live Owen fans fall into a few categories. There are those (largely female) who like Owen for his looks. Then there are others (mostly male) who like his grizzled demeanor as an action hero in movies like “The International” and “Children of Men.” He seems rough around the edges compared with the Hugh Grants and Tom Cruises of the world (“kind of shady,” a male fan said, admiringly, of his performance in “Closer”). A new type of Clive Owen appreciator came to light last week: fans who like Owen primarily because he, too, loves Liverpool football. “They’re soccer fans,” Owen explained, translating for an American at the sports bar Nevada Smiths, on Third Avenue (motto: “Where Football Is Religion”). He was surrounded by about fifty boozy soccer fans, who stood beneath flat-screen TVs showing the Leeds United vs. Liverpool game, singing “You’ll Never Walk Alone,” the Liverpool anthem. For them, Clive Owen is not religion. “People will come up and ask for your autograph or whatever,” he said, “but the priority is the game.”It was four-fifteen on a Tuesday. Owen was drinking a rum-and-coke, and he wore a black suit and a white cotton shirt, open at the collar. On the screen, his neck seems a little thick—a fullback’s physique—but in person he resembles a lean, eager midfielder. He was in town to promote his new film, “The Boys Are Back,” in which he plays a father whose wife dies, leaving him to raise two boys alone. The story is based on a memoir by the British political columnist Simon Carr, but in the film Owen’s character is a sportswriter. “Being a sportswriter came quite naturally,” Owen said. “I mean, when it comes to football I think I’d be all right. I read the Guardian.” Owen grew up in Coventry, but he has always loved Liverpool soccer, which is like being a Yankees fan from Portsmouth, New Hampshire. “They were the glamour team,” he said. “David Bowie and Liverpool Football Club. Those were the only autographs I have ever been sending off for.” He used to watch games in secret. “My ritual was I’d go upstairs, put a full kit on, and watch TV.” Now his assistant puts all the Liverpool games on his schedule.
One of the soccer fans, a ruddy-faced man with a thick, curly head of gray hair, approached and asked, in a booming voice, “What was it like snogging Julia Roberts?”
“Great!” Owen said, uneasily.
The fan went on to praise “Duplicity”—“Everything in the film’s so current”—and Roberts some more: “Seriously, I love her.”
But Owen was back on athletics. He has two minor obsessions: “I’m very into horse racing” (“Sea the Stars, from Ireland, is proving to be the best horse that’s come around in a while”), and, he added, “I do love tennis.” He’s a Nadal fan. He saw Roddick in the semifinals at Wimbledon: “I get to the match a good two hours before the game to avoid the traffic.” He’s not big on American sports, but he once went to a Knicks game with Spike Lee, who was wooing him for “Inside Man.” “You wouldn’t believe how involved Spike was,” Owen said. “It was like he was a part of the game, sitting in the front row, talking to the players.”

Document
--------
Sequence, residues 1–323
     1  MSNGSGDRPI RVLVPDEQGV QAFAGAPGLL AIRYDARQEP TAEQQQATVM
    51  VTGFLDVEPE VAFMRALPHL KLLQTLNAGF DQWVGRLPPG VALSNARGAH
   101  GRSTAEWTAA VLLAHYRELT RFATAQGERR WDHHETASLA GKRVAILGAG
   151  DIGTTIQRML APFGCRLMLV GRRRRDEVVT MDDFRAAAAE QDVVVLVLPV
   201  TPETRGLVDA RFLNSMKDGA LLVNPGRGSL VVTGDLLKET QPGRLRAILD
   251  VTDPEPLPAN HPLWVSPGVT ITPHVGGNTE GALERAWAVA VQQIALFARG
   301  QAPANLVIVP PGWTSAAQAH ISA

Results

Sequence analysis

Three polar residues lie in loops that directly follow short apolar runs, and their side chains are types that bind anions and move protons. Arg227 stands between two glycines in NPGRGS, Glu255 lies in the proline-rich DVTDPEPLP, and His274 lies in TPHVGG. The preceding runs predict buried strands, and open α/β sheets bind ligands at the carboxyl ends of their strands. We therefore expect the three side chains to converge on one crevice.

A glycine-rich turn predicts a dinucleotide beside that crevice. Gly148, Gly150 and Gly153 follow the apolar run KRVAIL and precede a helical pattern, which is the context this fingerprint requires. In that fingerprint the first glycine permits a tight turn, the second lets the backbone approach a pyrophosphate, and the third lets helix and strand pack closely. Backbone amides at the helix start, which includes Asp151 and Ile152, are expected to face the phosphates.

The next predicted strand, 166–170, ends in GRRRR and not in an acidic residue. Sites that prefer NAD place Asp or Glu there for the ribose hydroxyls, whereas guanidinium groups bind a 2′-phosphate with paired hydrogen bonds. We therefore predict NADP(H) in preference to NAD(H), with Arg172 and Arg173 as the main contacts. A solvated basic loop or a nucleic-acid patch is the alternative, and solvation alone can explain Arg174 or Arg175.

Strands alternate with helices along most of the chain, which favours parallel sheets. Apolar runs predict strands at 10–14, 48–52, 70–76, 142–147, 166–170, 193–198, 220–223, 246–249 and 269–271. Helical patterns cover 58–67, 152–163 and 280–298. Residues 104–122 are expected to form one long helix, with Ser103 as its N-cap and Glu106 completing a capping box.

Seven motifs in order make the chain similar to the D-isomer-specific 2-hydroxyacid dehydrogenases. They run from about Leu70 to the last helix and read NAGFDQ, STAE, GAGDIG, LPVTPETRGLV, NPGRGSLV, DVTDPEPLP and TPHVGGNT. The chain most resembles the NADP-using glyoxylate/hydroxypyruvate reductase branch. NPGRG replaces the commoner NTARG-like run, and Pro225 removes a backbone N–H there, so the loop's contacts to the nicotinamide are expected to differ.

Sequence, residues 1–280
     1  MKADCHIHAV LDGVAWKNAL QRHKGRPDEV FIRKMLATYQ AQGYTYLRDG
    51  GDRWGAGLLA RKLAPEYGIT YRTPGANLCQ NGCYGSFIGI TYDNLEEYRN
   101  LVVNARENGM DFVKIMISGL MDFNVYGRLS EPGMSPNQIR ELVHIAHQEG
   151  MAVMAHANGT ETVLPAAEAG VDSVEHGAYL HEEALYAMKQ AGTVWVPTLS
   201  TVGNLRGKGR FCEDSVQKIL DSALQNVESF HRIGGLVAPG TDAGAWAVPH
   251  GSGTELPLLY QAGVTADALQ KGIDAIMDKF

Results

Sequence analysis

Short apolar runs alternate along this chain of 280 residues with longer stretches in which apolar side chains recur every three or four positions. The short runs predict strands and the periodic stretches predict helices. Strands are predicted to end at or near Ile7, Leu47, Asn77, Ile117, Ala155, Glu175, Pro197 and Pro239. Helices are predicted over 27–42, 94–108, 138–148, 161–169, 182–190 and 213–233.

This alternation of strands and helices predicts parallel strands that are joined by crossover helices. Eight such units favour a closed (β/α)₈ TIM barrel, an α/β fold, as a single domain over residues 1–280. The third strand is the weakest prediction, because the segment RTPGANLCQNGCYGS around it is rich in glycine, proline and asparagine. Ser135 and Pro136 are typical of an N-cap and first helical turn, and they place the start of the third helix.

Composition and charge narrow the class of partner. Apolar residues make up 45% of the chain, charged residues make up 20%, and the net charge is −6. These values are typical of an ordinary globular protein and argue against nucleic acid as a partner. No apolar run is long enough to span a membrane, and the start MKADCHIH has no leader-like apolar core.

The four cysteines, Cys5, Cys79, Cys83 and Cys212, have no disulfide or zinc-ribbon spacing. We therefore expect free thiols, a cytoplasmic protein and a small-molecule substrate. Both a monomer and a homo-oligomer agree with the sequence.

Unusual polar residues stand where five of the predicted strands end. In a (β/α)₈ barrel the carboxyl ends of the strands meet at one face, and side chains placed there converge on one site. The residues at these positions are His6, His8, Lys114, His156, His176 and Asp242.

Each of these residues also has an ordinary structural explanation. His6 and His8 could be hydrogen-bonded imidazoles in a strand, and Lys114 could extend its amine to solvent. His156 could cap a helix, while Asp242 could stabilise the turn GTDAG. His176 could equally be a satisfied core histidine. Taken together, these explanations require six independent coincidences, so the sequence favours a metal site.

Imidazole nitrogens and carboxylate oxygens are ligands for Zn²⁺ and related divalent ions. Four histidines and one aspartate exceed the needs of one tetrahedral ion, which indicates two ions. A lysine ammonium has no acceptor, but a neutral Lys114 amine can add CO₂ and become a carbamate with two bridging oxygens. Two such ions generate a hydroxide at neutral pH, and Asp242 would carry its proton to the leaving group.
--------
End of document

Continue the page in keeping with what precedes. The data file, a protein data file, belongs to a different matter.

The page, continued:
Owen does not dream of being a soccer player, or a sportswriter (“A guy who writes the games up—it’s just one guy’s take”); but a manager, that’s tempting. “To be involved in the high end of footballing in any capacity, and spend your life going to amazing games, would be incredible,” he said. In Namibia, while shooting “Beyond Borders,” Owen caught a Liverpool game on a TV in the middle of the desert (“They managed to get a wire out to my tent, so we had cable”); in Milan, for “Duplicity,” he squeezed in an Inter Milan Champions League game, and afterward, in the locker room, met Zlatan Ibrahimovic, who gave him his jersey. In Thailand (for “Beyond Borders” again), Owen’s driver turned out to be a Man U supporter. “He couldn’t afford cable,” Owen said. “In Thailand, soccer games air at 3 or 4 A.M., but I let him come to my place and watch the games. I said, ‘You can watch it, but don’t wake me up.’”
Deep into the second half of the Liverpool game, the TV screens went blank: Nevada Smiths had lost its satellite signal. The fans seemed dazed. A guy in a red Skrtel jersey turned to Owen to introduce himself. “Have we formally met?” he asked. “I’m Dwayne.” Owen stuck out his hand: “Clive Owen.”
Only two women approached. One, wearing a Calvin Klein sweatshirt, said, “Excuse me. Can I take your picture?”
Owen agreed, but after the picture was taken she confessed to being a Leeds fan: “I hope Liverpool loses. Sorry.” ?
Source: New Yorker